An impressive vertical jump is the ultimate standard of lower-body power and explosiveness—an attribute that pays as many dividends in high-impact sports like basketball, football, and soccer as it gets you wide-eyed looks in the gym. Increase your hops, and chances are you’ll also be able to run faster, lift more weight, and maybe even throw down a dunk at your next pickup basketball game.
Step 2. Nudge the bar out of the rack and step back, setting your feet at shoulder width, with your toes turned slightly outward. Without letting your feet actually move, try to screw both legs into the floor, as if you were standing on grass and wanted to twist it up—you’ll feel your glutes tighten and the arches in your feet rise. Take a deep breath into your belly and brace your core, pulling your ribs down so your torso forms a solid column.
I am 5''11 with a 43 inch vertical I am a freshman and I play on the varsity team as a point gaurd I can do 360''s and now a 540 I want to tell you how I can dunk all I did was watch Vince carter and watch the motion he does and I did the same motion and I never thought I could dunk until the beginning year of 8th grade now I am a freshman posterizing 11 and 12th graders.
After a one-week recovery period in January following Phase 1 of Jump Attack, Phase 2 brought an increase in intensity and time investment. This was the last stop before Phase 3, the wilderness where those attack depth jumps lived. (Attack depth jumps: Rest on your knees in front of a box; explode to your feet without using your hands; immediately jump onto the box; immediately jump as high as you can off the box, landing on the balls of your feet. Repeat. Many times. No blacking out allowed.) Phase 3 brought dramatic increases in both explosiveness and hip flexibility, two critical ingredients that I started to feel working in tandem. I emerged both confident and in dire need of another one-week recovery period, which I spent playing with our kids, watching dunk videos and mouthing the syllable Ow. Once healed, in early March, I returned to the rims with a friend whom I’d asked to toss lobs to me. There would be no more lifting. (After Jump Attack, what else could there possibly be?) From here on, I just jumped and recovered, jumped and recovered, attacking this tiny window of three or four weeks before my time away from the gym began to sap my strength. It would be over at that point, all over, whether I wanted it to be or not.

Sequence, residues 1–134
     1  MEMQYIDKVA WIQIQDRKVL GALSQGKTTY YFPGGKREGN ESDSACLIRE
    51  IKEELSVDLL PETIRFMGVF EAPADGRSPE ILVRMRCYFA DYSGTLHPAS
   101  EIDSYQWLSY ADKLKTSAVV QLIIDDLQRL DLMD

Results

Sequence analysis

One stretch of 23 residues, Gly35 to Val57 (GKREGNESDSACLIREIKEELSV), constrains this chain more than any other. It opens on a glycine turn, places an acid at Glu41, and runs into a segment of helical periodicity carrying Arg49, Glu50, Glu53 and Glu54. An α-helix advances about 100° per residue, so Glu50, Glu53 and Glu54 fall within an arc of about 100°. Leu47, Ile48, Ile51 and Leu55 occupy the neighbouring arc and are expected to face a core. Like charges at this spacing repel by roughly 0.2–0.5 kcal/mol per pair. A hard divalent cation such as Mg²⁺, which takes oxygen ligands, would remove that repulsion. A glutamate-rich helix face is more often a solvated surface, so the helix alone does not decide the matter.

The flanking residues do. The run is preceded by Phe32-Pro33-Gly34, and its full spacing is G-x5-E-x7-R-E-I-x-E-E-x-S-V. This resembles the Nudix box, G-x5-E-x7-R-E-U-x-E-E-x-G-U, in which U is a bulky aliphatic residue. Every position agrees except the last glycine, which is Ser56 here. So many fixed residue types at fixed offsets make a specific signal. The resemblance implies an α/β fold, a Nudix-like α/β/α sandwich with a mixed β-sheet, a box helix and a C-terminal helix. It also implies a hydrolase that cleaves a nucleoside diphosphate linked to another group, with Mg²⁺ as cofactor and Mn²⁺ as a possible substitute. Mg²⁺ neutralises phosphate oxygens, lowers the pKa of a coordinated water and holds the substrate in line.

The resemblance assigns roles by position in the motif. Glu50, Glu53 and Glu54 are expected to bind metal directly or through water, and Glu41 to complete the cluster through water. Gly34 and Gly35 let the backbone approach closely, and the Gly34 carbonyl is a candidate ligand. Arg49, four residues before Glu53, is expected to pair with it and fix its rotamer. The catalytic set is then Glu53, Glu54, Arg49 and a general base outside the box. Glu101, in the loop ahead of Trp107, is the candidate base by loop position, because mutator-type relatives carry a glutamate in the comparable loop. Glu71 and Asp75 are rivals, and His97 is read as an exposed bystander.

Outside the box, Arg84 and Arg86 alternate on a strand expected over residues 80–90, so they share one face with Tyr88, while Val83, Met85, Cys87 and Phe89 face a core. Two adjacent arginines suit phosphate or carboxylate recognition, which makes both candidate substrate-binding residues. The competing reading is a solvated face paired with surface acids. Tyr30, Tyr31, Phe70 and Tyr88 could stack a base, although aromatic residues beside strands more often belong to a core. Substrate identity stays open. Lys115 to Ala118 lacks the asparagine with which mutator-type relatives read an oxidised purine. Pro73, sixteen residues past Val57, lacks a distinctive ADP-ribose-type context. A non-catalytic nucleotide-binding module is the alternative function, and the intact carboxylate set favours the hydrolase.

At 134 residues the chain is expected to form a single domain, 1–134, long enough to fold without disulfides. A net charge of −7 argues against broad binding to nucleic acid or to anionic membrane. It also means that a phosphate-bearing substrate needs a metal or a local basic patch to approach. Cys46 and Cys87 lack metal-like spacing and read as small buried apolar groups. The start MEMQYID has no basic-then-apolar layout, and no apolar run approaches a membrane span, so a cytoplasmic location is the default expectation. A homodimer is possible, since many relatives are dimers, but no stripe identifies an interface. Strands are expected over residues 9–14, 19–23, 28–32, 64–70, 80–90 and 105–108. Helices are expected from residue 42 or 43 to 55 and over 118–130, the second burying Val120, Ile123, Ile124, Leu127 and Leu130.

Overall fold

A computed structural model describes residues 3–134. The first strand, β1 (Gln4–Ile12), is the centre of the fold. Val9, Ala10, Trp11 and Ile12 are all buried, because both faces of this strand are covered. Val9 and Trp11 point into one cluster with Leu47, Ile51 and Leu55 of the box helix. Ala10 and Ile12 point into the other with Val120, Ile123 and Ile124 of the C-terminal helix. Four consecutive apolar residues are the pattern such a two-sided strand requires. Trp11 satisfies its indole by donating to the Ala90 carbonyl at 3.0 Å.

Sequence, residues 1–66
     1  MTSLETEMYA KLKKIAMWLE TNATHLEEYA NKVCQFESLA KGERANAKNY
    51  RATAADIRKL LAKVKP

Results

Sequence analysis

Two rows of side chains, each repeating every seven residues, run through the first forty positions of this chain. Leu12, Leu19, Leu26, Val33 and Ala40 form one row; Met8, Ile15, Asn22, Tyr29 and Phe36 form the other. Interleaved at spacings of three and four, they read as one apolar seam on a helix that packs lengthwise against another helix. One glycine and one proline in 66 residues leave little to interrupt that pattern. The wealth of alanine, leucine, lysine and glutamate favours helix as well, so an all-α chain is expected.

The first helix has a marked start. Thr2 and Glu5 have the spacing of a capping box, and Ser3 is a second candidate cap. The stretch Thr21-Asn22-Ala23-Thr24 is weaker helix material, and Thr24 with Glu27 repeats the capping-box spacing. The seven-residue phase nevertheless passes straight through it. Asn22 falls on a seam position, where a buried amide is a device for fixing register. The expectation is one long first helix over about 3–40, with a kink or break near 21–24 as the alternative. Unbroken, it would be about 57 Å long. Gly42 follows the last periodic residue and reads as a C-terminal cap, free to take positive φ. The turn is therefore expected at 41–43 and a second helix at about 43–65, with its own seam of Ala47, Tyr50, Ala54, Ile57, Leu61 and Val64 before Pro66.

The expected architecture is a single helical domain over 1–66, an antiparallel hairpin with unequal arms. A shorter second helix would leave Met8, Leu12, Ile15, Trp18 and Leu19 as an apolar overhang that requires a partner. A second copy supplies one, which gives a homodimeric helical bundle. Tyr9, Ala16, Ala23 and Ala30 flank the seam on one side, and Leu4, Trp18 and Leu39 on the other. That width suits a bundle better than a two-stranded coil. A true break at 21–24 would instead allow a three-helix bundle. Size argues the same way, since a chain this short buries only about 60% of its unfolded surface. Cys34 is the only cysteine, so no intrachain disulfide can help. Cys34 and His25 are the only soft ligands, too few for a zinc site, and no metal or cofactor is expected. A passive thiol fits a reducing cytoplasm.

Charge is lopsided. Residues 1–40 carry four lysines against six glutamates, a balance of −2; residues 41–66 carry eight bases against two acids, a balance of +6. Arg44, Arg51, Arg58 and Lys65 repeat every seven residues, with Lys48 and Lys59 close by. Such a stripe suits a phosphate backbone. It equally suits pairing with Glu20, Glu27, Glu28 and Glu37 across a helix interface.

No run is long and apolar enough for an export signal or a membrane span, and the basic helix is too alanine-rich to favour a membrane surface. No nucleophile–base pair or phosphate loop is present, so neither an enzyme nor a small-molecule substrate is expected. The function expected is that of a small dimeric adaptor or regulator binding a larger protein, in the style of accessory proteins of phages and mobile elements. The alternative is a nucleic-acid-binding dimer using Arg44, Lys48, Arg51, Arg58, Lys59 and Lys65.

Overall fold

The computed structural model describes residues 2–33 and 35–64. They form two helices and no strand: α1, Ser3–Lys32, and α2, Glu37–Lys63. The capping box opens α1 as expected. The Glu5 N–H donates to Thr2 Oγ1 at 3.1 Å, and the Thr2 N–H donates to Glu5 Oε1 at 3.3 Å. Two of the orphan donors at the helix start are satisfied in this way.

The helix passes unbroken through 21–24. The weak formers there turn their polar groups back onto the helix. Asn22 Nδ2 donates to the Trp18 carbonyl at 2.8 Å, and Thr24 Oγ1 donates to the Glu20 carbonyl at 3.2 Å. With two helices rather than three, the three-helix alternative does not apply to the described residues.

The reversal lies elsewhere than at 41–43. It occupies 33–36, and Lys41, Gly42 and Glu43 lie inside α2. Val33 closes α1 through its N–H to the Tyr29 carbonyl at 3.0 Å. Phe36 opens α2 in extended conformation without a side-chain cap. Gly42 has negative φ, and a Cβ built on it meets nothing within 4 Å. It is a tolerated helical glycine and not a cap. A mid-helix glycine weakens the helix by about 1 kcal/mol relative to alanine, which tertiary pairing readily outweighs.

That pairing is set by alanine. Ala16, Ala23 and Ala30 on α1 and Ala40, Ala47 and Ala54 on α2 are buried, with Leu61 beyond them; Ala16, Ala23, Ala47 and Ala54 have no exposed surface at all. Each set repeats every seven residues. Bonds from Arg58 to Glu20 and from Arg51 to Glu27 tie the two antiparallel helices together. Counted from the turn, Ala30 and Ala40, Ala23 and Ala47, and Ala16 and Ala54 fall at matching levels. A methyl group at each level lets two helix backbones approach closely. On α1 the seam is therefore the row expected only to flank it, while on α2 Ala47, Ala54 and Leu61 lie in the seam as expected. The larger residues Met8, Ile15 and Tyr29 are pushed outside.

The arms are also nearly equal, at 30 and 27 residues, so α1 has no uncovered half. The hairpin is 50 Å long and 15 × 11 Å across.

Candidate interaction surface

Yet, rate of force development is likely less important for vertical jumping than for faster athletic movements, such as sprinting. This is because the time that is available for force production is *ten times* longer in the vertical jump than in sprinting. Sprinters often take their foot off the ground before their lower body muscles have achieved maximum force (which takes approximately 150ms), but this early period of rising force production plays only a very small role during vertical jumping.
Want to increase your vertical jump for volleyball fast? The easy way is to use our vertical jump bands and wear them while you practice your spikes! Just put on the vertical jump bands during volleyball practice and you'll be training your vertical jump while you are also practicing your volleyball skills. This means you don't have to do extra vertical jump workouts to gain inches on your jumping ability.
For one-footed jumpers, the ball is generally transferred to the non-dominant hand just before or upon take-off; for two-footers, this transfer is often delayed for milliseconds as both hands control the ball to prevent dropping it. Once airborne, the dunker generally transfers the ball from non-dominant to dominant hand beneath a raised leg. Finally, the ball is brought upwards by the dominant hand and slammed through the rim.